Decorate Your Walls with Stenciling
Stenciling is designed for you home decorators who want to Decorate Your Walls with Stenciling and create original schemes without taking the risks that accompany mural painting. With stencils, you can have some idea of how the design will look and can even experiment with different colorways before you actually put the paint brush to the wall.
There are so many variables that no two stenciled rooms look the same, even if the designs used are the same. The amount of stenciling and its layout, the way coordinating designs are combined, the colors in the design and background and even the decorator’s technique produce enough permutations to make each stenciling project unique.
Stencilling is Easy To Do
It is a craft that can be enjoyed at every level, from grand schemes designed and executed by skilled painters, to simple, inexpensive motifs that can be used to brighten up the bathroom or the kitchen on a wet Saturday afternoon. See our page “Stenciling-Getting Started”
Excellent stencil designs are available in cut or uncut form. Uncut stencils consist of the outline printed on oiled card ready for you to cut out with a good craft knife. These have the advantage of being cheaper than the ready cut sort, and they allow you to cut out sections at a time so you can layer the colors in a multi-colored motif, or even adapt the design to your needs by only including the sections that you like.
Stencilling On The Wall
When you think of Decorate Your Walls with Stenciling, the walls will be the main area of interest. The options open to you are wide and varied, limited only by your stenciling skill, courage and the look you want to achieve. Most people opt for stenciled borders. These come in many styles, from a discreet rope twist or repeating geometric motif, to flamboyant, harvest-festival style swags of corn, flowers and fruit.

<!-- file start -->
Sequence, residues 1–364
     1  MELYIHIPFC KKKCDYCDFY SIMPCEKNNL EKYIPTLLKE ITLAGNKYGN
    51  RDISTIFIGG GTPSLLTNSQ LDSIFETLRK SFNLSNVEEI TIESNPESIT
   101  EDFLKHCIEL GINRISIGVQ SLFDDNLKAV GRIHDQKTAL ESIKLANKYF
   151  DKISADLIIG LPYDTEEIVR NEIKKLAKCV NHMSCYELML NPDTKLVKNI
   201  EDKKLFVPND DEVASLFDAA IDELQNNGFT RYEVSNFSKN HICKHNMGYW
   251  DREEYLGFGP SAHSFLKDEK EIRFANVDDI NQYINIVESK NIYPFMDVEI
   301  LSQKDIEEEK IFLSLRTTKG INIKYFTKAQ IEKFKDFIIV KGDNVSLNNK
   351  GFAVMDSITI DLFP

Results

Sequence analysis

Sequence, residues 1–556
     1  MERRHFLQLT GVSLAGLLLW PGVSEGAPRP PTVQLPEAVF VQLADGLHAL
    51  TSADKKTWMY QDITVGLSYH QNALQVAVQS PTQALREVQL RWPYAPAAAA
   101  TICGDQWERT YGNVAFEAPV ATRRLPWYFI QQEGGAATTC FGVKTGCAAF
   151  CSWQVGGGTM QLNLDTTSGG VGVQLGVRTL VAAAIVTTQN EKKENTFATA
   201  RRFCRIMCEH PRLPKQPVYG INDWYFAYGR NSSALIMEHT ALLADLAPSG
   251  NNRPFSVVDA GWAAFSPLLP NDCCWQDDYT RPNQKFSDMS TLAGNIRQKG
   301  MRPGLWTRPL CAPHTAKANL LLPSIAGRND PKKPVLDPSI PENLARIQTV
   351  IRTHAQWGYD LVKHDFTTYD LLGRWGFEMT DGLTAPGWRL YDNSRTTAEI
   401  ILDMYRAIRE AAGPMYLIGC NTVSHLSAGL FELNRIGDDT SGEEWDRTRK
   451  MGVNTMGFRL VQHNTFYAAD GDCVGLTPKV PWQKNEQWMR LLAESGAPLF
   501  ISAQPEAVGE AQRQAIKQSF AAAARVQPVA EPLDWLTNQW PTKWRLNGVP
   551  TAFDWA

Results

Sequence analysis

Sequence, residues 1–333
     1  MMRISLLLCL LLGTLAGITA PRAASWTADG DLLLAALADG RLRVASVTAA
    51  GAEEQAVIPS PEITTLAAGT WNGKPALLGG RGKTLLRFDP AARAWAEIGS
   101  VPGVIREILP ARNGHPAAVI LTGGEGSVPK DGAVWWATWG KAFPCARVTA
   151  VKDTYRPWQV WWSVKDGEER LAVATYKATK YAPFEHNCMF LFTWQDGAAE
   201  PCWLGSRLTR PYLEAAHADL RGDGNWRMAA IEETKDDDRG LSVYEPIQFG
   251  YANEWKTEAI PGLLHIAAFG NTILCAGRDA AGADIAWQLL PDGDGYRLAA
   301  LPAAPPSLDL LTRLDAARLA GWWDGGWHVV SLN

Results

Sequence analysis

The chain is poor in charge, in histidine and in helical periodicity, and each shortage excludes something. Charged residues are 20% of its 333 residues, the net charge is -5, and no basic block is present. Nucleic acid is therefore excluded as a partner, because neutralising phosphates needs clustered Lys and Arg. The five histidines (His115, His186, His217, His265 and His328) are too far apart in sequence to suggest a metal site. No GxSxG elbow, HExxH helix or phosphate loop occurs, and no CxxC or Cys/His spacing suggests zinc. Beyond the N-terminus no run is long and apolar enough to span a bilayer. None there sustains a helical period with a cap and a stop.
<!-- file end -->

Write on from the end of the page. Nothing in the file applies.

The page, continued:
Using A Border
The most popular ways of using a border are to run it around the walls at picture rail or ceiling level, just above the skirting boards and above, below or in place of a dado rail. More adventurous schemes use borders to form faux wall panels to frame a group of pictures, accentuate a small window, or to edge each wall individually with double corner borders.
Often, stencil designs form groups, and you can create interesting effects by placing two or three related borders next to each other to create a deep band of pattern. This technique looks effective when used to fill the space between a picture rail and the ceiling.
These groups of designs sometimes include corner pieces to turn the design without making an ugly break. Corner pieces are effectively used when a double border is taken round the top edge of the wall and the perimeter of the ceiling, the three corner pieces forming clusters in the room corners.
All-over stencil designs are more labor intensive than borders, but can give stunning results. Consisting, usually, of a small motif repeated at regular intervals over the wall and perhaps teamed with a stripe or trellis grid, they can form part of a coordinated scheme with the same motif appearing on fabrics or furniture.
Plan The Design
The advantage of stenciling over wallpaper is that you can plan the design to take architectural features into account.
The background you stencil over has an effect on the way the design looks, thus a sharp-edged motif stenciled on to a solid color looks quite different to a soft-focus sprayed stencil on a cloudy sponged wall. Broken paint finishes, such as rag rolling, color washing and sponging, are thought to be the effects most sympathetic to stenciling, so experiment with different backgrounds.
Reference: The Country Look—Decor & Crafts, Main picture by Janek Szymanowski